Skip to content Skip to sidebar Skip to footer

Misuse and Counterfeiting of Trademarks on the Internet


he age of e-commerce has not only simplified online sales and marketing but has also made it easier to access information related to registered trademarks owned by others. The internet, which offers a unique advantage in terms of brand recognition and marketing, can turn into a disadvantage when it comes to trademark counterfeiting and malicious use.

Use of Another Person’s Registered Trademark on Any Product or Packaging

The use, sale, import, export, or advertising of another person’s registered trademark on any product or packaging can be considered major actions that constitute trademark infringement or violation. In the context of online activities, trademark infringements often occur through sales and promotional activities. However, one of the most prominent violations encountered online is the use of another person’s registered trademark as a domain name.

According to the Industrial Property Law, the use of another person’s registered trademark in a way that would create commercial impact, such as using it as a domain name, redirecting code, keywords, or similar forms, is considered a violation of trademark rights. Here, there is a conflict between the “first-come, first-served” rule for domain names and trademark rights. However, it should be noted that even if a domain name is acquired by the first party, if it is used in a way that creates confusion with a registered trademark and results in unfair competition, its use may be stopped. In cases where an unfair use of a domain name involving a registered trademark occurs, the owner of the trademark can also exercise their rights provided by the Industrial Property Law.

Trademark Violations on E-commerce Websites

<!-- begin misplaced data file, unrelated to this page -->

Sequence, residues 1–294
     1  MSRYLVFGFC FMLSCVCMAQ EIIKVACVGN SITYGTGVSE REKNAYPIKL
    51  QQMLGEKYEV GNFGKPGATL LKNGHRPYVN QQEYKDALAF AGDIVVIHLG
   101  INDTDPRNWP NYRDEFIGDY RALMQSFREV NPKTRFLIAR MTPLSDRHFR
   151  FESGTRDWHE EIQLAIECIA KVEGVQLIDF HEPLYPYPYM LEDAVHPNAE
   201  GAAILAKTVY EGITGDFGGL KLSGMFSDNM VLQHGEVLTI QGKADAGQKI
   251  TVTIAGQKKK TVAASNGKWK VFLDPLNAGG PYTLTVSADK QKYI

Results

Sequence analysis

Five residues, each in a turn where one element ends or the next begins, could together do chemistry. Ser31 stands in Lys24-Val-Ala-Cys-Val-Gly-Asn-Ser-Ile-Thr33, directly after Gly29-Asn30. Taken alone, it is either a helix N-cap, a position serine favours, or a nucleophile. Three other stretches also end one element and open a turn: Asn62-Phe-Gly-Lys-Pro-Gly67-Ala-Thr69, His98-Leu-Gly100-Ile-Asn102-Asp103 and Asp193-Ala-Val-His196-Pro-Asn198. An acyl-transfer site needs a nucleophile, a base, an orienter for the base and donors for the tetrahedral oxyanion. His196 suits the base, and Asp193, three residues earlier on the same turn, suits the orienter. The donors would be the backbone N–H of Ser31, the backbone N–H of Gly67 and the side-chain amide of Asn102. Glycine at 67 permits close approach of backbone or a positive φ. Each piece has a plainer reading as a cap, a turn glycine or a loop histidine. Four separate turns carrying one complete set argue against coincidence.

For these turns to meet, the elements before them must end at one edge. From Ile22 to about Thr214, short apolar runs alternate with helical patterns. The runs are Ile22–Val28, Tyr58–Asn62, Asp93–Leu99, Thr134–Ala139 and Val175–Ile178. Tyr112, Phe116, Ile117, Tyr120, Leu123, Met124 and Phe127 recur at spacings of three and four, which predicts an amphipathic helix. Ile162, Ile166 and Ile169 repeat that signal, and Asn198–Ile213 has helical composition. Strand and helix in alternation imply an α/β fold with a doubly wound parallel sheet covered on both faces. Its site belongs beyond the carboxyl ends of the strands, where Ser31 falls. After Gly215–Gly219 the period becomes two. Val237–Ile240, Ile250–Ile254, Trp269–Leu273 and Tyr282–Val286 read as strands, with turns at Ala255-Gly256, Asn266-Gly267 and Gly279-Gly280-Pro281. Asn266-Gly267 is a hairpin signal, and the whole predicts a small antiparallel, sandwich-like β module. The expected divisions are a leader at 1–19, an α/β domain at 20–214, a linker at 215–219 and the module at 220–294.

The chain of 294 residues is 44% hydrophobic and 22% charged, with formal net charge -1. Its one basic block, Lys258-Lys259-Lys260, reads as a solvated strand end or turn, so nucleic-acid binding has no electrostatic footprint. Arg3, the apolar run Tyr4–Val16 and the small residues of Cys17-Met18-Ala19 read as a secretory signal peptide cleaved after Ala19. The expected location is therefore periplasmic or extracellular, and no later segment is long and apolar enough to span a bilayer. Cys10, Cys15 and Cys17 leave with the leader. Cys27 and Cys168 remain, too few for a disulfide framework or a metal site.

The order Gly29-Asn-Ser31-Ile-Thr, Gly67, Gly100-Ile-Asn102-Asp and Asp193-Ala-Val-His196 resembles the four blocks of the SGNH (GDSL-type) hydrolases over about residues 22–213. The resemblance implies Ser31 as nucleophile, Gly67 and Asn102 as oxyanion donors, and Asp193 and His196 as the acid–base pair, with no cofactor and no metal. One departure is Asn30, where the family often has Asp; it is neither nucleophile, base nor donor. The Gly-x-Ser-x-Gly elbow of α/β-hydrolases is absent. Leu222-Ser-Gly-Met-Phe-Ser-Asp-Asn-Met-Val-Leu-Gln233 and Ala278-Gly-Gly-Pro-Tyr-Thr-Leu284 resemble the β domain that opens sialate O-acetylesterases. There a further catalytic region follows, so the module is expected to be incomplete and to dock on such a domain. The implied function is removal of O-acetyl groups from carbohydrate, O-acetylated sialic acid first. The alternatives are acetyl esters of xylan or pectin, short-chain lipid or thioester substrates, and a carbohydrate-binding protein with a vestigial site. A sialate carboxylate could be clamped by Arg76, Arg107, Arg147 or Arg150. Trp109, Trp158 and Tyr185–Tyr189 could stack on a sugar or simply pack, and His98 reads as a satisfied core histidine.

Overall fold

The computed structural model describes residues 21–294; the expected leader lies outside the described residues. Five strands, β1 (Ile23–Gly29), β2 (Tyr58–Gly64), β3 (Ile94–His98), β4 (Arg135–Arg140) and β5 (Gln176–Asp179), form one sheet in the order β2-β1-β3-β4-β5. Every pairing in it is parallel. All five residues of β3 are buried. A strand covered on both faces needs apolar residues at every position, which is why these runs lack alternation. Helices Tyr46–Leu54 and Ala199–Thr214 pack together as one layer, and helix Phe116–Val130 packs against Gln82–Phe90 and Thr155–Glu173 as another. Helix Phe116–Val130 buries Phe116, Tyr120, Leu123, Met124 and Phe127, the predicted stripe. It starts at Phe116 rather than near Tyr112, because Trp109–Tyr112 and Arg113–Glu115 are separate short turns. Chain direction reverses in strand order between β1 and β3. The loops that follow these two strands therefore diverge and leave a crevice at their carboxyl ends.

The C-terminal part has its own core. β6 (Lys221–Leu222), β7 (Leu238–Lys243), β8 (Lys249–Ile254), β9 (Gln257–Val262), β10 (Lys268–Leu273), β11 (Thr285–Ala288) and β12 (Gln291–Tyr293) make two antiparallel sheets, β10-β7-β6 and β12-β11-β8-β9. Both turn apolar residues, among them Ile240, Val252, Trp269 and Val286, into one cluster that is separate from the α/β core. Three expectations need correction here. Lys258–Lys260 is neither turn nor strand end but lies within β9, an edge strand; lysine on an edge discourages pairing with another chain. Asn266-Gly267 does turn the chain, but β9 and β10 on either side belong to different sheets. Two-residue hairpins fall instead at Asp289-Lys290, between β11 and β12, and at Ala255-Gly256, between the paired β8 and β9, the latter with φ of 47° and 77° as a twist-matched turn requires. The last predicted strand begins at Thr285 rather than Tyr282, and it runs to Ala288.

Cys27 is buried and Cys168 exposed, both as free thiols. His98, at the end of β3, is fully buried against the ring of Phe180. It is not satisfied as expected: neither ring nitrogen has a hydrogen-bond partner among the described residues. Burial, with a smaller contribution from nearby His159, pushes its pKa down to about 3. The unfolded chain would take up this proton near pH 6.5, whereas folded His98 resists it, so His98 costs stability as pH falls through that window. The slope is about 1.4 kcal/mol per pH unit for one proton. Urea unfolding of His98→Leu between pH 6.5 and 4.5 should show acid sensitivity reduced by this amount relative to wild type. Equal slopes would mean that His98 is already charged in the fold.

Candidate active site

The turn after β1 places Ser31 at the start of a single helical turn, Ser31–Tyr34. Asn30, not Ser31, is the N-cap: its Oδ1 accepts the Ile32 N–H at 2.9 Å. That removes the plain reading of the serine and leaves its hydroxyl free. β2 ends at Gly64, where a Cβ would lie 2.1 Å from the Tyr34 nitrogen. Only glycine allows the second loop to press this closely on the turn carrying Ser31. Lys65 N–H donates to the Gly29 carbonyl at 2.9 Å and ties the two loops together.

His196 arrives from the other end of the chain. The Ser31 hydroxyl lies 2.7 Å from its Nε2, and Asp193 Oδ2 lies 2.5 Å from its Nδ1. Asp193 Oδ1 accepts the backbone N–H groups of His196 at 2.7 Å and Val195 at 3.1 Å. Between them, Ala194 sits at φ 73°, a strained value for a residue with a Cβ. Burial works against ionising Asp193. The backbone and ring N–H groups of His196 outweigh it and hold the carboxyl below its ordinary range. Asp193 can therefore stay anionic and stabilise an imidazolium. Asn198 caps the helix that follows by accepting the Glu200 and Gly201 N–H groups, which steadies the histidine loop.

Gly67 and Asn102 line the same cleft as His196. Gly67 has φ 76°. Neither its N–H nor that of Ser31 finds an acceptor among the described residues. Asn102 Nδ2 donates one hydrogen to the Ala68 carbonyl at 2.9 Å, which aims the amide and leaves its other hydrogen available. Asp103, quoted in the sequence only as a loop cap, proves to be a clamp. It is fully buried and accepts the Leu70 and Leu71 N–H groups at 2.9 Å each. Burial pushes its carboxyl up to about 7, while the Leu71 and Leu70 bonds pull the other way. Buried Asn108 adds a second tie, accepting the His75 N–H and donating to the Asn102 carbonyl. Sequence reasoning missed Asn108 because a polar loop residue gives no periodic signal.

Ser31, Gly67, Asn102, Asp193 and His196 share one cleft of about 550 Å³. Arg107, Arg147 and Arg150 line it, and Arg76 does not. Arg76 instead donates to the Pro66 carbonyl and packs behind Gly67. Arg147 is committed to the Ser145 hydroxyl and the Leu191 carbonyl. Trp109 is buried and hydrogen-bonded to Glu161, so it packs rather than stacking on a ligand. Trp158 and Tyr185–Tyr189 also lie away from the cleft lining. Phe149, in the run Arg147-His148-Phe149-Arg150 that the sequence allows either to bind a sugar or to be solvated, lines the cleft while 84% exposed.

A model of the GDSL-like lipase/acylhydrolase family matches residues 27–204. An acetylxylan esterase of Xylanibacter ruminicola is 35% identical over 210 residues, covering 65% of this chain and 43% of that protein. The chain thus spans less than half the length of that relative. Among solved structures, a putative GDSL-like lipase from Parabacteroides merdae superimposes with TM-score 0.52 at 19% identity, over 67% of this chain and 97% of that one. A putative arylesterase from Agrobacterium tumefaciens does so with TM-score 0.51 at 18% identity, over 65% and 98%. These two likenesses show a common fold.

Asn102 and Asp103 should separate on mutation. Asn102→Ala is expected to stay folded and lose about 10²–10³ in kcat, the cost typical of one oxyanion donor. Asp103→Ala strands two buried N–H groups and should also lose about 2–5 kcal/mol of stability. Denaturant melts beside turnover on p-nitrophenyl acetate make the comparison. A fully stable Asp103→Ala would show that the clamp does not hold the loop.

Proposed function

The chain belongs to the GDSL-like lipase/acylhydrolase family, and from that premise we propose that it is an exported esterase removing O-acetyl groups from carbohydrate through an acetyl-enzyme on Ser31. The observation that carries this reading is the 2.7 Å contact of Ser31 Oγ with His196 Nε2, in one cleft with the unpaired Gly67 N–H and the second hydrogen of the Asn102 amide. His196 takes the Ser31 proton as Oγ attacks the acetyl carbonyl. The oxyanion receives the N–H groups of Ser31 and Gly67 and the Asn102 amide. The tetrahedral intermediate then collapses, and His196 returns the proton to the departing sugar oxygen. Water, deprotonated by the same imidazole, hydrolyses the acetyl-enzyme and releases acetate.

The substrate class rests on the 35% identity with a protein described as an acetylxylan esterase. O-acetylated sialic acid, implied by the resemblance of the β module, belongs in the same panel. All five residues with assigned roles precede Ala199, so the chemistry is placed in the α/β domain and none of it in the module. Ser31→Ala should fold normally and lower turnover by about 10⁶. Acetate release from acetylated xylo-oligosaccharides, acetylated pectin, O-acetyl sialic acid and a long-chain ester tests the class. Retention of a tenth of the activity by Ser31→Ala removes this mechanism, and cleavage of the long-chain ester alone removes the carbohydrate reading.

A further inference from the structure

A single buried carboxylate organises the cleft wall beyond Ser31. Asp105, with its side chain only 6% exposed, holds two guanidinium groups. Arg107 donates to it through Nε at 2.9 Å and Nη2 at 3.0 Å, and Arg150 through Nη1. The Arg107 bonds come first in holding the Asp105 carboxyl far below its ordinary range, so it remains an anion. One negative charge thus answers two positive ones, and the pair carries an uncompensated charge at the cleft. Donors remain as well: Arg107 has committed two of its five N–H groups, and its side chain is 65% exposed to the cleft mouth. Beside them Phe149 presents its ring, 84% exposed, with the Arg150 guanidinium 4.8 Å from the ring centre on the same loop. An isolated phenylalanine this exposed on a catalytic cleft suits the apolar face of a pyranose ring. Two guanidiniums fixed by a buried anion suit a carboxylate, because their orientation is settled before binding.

Another common form of trademark infringement encountered on the internet occurs on marketplace or online marketplace platforms. Especially in business-to-consumer (B2C) online marketplace applications that allow various businesses to sell their products, counterfeit products imitating another person’s registered trademark can be found.

In another scenario, small businesses looking to avoid advertising and marketing costs sometimes attempt to sell their products by using the products and visuals of well-known brands in their sales area. In this case, online marketplace owners cannot feasibly monitor or track every product listed for sale. However, it is crucial for online marketplace owners to take notice of warnings related to trademark infringement from the owners of registered trademarks and not allow any possibility of trademark infringement. In fact, the General Assembly of the Court of Cassation (Yargıtay Hukuk Genel Kurulu) ruled in its decision numbered 2013/11-1138 E. that a well-known online marketplace application that continued to publish and sell a product, which was requested to be removed from the website due to trademark infringement, and allowed the sale to proceed was considered an accomplice in trademark infringement. The decision stated that the online marketplace application was jointly liable for the damages arising from trademark infringement along with the seller. With this decision, the General Assembly of the Court of Cassation emphasized the importance of online marketplace applications taking all warnings related to trademark infringement into account.

In the event of trademark infringement online, whether in one of the mentioned forms or otherwise, it is crucial to take swift action to ensure the official determination of the infringement by relevant authorities. Additionally, even if the content has been removed from the internet during official proceedings, expert examinations can be conducted to detect past actions. Subsequently, under the Industrial Property Law, it is possible to claim compensation for damages arising from trademark infringement and request the cessation of actions constituting infringement.

This site is registered on as a development site.